I bought several barrels of Strontium and TiBor at a foundry close out auction (sadly it was the place I used to work).
I am offering it in small lots to help out hobby casters.
I have it for sale on eBay , since I want to create an account.
I want to keep the price low so everyone who needs it can get some, unfortunately I can’t create a Buy It Now price until I have enough feedback. I intend to list it for $5.00 plus shipping once I can, so don’t bid too high, I will keep setting up new auctions until eBay lets me set a Buy it Now price.
What is a Modifier, What Does it Do, Why do I Need it?
Typical foundry Aluminum casting alloys (engine blocks, heads, transmission cases, pistons, wheels, other cast scrap) contain 5 to 12% Silicon.
Unmodified castings made from these alloys contain coarse, plate-like crystals of Silicon which forms during solidification (eutectic Silicon). These Silicon particles are in the form of brittle needles which reduce the strength and ductility of the casting. They also tend to create porosity by inhibiting the flow of molten metal (feeding) in to areas of the casting as it solidifies.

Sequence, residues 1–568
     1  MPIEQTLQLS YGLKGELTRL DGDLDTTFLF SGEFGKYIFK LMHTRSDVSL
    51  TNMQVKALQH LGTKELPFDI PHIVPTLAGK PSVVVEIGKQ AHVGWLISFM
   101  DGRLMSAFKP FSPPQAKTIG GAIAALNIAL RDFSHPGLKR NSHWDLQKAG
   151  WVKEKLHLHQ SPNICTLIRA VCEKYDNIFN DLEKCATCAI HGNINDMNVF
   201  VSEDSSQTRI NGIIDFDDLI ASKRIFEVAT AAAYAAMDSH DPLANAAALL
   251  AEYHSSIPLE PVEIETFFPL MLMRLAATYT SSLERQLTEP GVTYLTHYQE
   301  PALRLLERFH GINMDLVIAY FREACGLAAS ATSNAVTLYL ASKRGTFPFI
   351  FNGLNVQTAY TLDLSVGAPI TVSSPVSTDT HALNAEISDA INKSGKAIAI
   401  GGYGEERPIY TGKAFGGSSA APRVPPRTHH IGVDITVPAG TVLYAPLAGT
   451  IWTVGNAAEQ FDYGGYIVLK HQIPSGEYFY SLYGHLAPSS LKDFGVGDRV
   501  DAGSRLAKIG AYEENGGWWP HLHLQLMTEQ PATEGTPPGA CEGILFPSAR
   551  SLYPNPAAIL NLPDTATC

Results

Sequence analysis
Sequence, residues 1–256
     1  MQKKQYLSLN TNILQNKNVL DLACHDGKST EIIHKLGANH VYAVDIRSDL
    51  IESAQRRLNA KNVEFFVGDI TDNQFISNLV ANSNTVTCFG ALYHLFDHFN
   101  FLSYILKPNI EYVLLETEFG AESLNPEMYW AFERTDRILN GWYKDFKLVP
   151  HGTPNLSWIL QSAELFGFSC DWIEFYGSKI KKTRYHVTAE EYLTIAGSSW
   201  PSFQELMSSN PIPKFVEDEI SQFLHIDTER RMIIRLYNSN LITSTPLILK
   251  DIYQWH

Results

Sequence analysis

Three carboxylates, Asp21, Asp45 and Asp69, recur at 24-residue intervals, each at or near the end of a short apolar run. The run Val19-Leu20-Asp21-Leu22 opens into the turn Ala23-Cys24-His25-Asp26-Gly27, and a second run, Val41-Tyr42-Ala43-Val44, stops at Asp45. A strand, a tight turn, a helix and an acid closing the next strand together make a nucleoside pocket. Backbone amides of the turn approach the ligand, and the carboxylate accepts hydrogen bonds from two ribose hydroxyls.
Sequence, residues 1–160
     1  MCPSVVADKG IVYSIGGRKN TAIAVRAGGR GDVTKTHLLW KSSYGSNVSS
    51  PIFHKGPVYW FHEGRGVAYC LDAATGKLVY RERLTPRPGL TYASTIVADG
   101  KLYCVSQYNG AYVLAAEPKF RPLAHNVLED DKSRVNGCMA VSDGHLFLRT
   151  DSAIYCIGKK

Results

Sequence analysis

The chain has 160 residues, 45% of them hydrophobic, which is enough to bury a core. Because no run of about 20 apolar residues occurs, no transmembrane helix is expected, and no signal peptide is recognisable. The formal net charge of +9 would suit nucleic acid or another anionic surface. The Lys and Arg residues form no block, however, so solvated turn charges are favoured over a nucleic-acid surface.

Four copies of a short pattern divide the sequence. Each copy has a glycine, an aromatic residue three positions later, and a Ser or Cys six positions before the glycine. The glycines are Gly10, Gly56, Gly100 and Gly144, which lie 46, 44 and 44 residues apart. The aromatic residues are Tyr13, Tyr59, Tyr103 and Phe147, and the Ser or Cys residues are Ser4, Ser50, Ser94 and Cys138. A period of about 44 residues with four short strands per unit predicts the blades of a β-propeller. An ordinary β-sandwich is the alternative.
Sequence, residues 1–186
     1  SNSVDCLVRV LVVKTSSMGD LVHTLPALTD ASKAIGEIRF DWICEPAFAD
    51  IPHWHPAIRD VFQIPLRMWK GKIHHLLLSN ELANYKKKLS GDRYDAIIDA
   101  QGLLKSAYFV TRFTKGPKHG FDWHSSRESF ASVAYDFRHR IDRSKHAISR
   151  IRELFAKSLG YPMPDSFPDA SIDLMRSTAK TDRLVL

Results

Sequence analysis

With Strontium modification, a different and improved cast structure is developed in which the Silicon phase is “modified” by the action of Strontium to become fibrous and finely dispersed. The result is improved mechanical properties. In particular, both ductility and machinability are improved.
Strontium also tends to reduce the size and shape of harmful iron compounds, resulting in improved ductility. It can reduce the embrittling effect of Iron contamination if you melt/pour with a steel ladle.
Modification has been called “the poor mans heat treatment”, since it improves as cast strength without the need for heat treatment.
Please note that if you are melting low Silicon alloys (Aluminum cans, siding, ladders or extrusions) this Strontium modifier will not make any improvement since there is little Silicon to modify. These materials are not designed to be cast, and you may want to consider changing to an alloy designed to be cast to improve your casting success.
What is a Grain Refiner, What Does it Do, and Why do I Need It?
When metals solidify they develop a grain structure. Slowly cooled metals (for example from sand casting) have a relatively large grain size. Faster cooled metals (for example from die casting) have a smaller grain size. Benefits from a smaller grain size include; better feeding for reduced shrink porosity and stronger castings.
A grain refiner promotes a smaller grain size even in a slow cooled casting.
Here is a good practical publication that explains this in a bit more detail.
How to Use
As per manufacturers recommendations add 3 rods per 100 pounds (or 1 rod per 33.3 pounds).
With a few rare exceptions, it would be hard to overdo it, so just add 1 rod of each if you are melting less that 30 pounds per melt.
With a small melt, add both the TiBor and Strontium rods as soon as all the metal has melted, and gently stir, skim and pour.